Impact of LEED certification grows
A number of LEED "firsts" have been announced recently. (LEED is a certification system for green buildings; the ac...
A number of LEED “firsts” have been announced recently. (LEED is a certification system for green buildings; the acronym stands for Leadership in Energy and Environmental Design.)
Read Jones Christoffersen are the structural engineers for the first building to obtain LEED Gold Certification at the University of Victoria in B.C. The Island Medical Program Building is a 45,000 square foot structure designed on a grid that is multi-functional and adaptable for future changing uses. The building has rainwater collectors on the exterior that feed into water features on the site, and a “floating stair ” on the exterior to encourage the occupants to use the staircases instead of the elevators. The architects are Chernoff Thompson Architects.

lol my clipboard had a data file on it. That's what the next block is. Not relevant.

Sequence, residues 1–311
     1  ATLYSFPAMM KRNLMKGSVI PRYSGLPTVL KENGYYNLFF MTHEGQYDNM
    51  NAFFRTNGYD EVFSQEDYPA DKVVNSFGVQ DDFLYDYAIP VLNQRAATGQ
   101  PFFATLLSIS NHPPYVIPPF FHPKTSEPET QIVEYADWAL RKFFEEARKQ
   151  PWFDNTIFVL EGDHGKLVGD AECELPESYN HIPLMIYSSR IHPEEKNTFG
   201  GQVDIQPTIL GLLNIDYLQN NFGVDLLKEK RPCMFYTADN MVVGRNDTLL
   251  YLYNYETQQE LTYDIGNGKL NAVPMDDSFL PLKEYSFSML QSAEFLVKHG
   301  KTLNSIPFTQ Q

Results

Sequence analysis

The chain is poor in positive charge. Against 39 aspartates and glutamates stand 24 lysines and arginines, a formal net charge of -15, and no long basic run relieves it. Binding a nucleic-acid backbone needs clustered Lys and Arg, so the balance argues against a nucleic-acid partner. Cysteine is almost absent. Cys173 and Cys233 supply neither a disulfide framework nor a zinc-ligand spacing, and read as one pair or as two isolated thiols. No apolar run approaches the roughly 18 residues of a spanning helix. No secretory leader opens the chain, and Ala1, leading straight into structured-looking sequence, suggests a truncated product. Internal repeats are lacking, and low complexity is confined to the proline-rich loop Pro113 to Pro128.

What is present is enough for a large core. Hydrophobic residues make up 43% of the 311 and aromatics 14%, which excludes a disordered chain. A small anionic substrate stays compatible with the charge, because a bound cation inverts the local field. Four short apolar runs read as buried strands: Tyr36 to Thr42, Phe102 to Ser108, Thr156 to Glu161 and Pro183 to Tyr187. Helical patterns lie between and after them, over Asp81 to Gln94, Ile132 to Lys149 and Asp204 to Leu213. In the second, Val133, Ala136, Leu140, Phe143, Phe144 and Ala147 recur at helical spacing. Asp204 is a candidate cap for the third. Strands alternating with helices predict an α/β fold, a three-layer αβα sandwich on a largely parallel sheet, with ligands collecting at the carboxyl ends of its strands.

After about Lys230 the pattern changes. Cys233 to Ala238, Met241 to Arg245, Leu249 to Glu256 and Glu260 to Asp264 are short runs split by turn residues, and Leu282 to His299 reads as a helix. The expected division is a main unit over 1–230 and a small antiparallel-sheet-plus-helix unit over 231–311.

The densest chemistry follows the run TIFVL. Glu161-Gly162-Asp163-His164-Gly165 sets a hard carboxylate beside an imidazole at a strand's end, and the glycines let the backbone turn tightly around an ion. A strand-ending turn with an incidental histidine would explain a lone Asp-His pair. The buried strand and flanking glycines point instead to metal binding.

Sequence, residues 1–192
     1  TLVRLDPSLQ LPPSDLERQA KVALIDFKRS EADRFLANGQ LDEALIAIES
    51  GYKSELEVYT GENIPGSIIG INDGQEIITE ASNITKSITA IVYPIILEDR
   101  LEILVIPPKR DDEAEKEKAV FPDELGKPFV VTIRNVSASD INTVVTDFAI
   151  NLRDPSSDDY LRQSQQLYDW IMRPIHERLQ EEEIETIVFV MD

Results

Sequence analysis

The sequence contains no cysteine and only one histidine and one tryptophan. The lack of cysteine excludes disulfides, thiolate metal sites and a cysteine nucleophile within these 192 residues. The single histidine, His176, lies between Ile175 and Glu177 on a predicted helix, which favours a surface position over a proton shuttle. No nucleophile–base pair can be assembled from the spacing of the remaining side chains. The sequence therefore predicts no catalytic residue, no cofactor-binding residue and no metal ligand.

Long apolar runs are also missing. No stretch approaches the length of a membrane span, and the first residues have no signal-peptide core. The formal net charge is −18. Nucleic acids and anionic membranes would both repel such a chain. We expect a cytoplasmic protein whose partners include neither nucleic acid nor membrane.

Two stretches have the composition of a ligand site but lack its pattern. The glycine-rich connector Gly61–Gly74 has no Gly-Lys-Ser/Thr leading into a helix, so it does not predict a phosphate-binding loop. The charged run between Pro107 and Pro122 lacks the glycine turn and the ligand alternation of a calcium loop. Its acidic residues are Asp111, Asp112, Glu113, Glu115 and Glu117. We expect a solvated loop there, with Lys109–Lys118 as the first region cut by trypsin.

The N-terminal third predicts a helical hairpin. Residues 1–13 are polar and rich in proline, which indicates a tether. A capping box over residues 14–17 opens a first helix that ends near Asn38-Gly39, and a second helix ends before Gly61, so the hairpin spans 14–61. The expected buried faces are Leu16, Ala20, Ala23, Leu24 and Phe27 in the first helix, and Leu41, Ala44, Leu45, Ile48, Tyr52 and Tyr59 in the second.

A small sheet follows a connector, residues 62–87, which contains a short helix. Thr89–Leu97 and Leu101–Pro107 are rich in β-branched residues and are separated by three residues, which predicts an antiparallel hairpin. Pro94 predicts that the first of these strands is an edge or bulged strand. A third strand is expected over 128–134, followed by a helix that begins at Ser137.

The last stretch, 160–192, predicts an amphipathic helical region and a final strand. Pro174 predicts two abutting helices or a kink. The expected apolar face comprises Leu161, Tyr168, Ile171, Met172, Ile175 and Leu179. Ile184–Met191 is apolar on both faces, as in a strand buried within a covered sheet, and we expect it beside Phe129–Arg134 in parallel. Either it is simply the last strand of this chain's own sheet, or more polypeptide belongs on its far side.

Canada’s first LEED-certified church was opened on September 20 in Toronto. St. Gabriel’s Catholic Church on Sheppard Avenue was designed under the auspices of the “Greening Sacred Spaces” program, an initiative of an multi-faith environmental organization called “Faith & the Common Good.” St. Gabriel’s green features include a solar wall on the south side, and a “living wall” of vegetation and running water that will purify the air in the sanctuary.
The Toronto-area Greening Sacred Spaces program is hoping to promote energy conservation in the approximately 1,000 faith community buildings in the Greater Toronto Area.
In B.C. a similar initiative to make places of worship more environmentally friendly is under way at the Anglican Diocese of New Westminster which has done energy audits on 25 buildings and is now renovating four.
In Quebec, Proment Corporation has unveiled details of a residential high-rise building to be developed on the southern tip of Ile-des-Soeurs in Montreal. The developers announced they are having the building designed to obtain the first LEED certification in Quebec for this type of building.